Zuger

Zuger

Hackers, eh? Not the 1995 Angelina Jolie vehicle where young Zero Cool, childhood hacker, caused the NYSE to drop due to his computer antics. Here, “hackers” refers to the group of technologists as complex as the subject also noted in the title: ethics. Before these people were breaking into Target, Equifax, Blue Cross, and countless other victims’ systems, some of the early adopters of hacking targeted phone booths. Those, my youthful readers, used to provide the same basic calling function as your Galaxy or iPhone, only phone booths were publicly available transparent closets with a phone built inside. We dropped coins into a slot to make a call. We ignored the aroma of the public who’d used it before, some not for a call at all, transparency ignored. These so-called payphones were one original target, circa 1950s, of hackers who were then known as phreakers (“phone” melded into “freak”). They circumvented AT&T’s protocols by mimicking the tone made by coins dropping in.

Phreakers were hackers with malicious motives—i.e., stealing phone calls. Also, though, many manifested a sense of honor and accomplishment through their criminal antics. We can agree that rebelliousness and anti-establishment sentiments prevailed in the fifties and sixties, and these crafty scofflaws believed in freedom of communications. So born was one of the hacker’s ethics.

Ethics is a complicated and complex concept. Is it morality? More, less, different from morality? What sources lend to one’s ethic? Like fingerprints, we each bear very personal senses of ethics. Unlike fingerprints, if you are a respectable member of society your ethic will evolve and improve over time as your life experiences add up. Or, of course, it could change for the worse.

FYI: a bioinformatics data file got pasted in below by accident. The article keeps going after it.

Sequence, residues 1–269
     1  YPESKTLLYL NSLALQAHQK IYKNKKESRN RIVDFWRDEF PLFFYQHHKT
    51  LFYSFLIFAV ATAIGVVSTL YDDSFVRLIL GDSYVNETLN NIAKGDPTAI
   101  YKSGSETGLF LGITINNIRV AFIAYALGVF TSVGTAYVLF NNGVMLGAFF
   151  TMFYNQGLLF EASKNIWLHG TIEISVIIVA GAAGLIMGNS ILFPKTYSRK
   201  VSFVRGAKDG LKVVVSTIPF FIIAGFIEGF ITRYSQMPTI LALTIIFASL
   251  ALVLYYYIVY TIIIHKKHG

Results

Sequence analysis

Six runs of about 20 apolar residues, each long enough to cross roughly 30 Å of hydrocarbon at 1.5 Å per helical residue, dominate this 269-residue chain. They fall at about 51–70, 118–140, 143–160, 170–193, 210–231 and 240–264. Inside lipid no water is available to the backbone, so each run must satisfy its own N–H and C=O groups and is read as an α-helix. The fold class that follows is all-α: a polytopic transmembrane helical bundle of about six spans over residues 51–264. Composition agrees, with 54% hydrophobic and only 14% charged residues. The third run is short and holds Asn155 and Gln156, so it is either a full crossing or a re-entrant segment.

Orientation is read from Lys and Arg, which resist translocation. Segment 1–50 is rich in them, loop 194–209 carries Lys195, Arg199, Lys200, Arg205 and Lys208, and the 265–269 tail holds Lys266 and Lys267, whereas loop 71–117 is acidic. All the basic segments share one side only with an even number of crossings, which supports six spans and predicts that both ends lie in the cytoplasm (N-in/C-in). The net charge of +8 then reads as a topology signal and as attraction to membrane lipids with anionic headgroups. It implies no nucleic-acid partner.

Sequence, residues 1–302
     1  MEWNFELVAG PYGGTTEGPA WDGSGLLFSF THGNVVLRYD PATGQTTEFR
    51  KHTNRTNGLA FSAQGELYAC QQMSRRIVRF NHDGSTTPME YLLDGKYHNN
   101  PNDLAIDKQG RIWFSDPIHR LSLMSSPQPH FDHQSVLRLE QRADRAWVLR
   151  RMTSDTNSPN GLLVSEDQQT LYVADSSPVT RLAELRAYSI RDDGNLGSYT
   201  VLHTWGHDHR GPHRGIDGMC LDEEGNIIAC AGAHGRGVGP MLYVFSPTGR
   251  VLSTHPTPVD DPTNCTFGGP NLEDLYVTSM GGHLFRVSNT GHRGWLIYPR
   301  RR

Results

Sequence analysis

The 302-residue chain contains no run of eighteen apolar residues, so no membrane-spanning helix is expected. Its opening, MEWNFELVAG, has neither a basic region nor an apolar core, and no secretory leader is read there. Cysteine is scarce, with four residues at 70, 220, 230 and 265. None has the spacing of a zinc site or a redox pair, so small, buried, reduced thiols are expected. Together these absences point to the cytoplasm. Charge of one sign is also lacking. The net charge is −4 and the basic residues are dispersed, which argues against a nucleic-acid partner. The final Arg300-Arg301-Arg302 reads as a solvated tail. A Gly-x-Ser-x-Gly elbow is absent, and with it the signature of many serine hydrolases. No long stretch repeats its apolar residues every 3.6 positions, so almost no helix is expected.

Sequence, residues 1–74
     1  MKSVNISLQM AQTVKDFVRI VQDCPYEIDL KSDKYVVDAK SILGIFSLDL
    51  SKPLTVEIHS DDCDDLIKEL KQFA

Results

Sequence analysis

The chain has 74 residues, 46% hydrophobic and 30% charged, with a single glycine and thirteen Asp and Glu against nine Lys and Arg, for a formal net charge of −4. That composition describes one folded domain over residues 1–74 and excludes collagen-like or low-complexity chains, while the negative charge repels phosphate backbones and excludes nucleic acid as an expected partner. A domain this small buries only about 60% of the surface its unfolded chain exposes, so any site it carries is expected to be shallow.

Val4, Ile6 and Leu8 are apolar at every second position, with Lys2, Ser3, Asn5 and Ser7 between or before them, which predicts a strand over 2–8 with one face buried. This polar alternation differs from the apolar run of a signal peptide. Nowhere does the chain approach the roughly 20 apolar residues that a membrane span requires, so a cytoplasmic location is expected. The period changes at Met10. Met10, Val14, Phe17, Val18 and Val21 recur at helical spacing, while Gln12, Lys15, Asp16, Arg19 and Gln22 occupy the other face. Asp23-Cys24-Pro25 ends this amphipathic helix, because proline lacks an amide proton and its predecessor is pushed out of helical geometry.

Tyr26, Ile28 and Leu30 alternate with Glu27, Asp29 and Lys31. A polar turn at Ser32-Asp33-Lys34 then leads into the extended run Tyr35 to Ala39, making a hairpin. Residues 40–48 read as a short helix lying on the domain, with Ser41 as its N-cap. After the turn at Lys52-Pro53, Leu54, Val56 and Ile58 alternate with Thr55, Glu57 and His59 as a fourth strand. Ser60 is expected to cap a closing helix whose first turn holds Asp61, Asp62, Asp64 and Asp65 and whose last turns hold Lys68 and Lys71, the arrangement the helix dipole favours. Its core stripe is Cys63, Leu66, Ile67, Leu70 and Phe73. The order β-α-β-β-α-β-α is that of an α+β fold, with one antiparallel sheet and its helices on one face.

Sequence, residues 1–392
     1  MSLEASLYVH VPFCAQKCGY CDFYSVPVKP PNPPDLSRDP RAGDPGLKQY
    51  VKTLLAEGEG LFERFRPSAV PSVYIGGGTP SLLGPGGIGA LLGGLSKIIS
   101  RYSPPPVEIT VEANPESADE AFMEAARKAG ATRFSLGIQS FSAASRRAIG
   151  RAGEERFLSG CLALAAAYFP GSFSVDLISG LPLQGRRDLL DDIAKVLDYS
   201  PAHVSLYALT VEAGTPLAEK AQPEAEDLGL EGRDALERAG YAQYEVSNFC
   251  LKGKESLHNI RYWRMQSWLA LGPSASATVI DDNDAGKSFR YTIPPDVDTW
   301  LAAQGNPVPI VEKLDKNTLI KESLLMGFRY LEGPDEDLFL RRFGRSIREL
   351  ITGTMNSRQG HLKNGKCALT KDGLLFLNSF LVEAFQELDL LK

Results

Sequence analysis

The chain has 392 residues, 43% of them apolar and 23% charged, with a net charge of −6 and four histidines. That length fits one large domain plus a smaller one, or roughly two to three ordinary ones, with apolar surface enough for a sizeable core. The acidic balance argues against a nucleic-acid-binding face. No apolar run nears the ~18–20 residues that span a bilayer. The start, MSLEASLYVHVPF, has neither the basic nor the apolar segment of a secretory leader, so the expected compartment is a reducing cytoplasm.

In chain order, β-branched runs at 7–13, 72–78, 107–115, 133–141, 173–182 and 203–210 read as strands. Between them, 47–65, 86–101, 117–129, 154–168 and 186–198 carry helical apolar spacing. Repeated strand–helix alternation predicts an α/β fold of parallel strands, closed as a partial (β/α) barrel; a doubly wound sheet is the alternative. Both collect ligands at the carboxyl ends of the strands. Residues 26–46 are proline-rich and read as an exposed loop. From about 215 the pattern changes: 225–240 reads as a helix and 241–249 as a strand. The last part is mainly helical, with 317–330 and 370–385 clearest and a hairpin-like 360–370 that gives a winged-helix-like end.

Many ethics scholars, whose day-to-day work is most unusual in examining this nebulous part of humanity, would say that our dynamic, personal ethic has inputs such as from family and upbringing values. Our religious beliefs contribute to our ethic. The laws and rules of living amongst others frame it. Sometimes, such as for us lawyers, a professional set of ethical rules confine our behavior and actions. Some people observe model behavior and try to replicate it by fine tuning their ethic to conform. There’s an inexhaustible list of inputs, but you can sense that morality does in fact bear, too. Whatever your guiding inputs, it’s still your personal ethic that informs your decisions and actions.

Hackers comprise a population as complex as the concept of ethics. They are highly skilled in technology. They’re creative. While we all tend to immediately think of the negative implications of hacking, which conjures scenes of breaking into something without having appropriate permission, hackers aren’t all bad. In fact, in recent years an entire discipline of ethical hacking has come into the profession.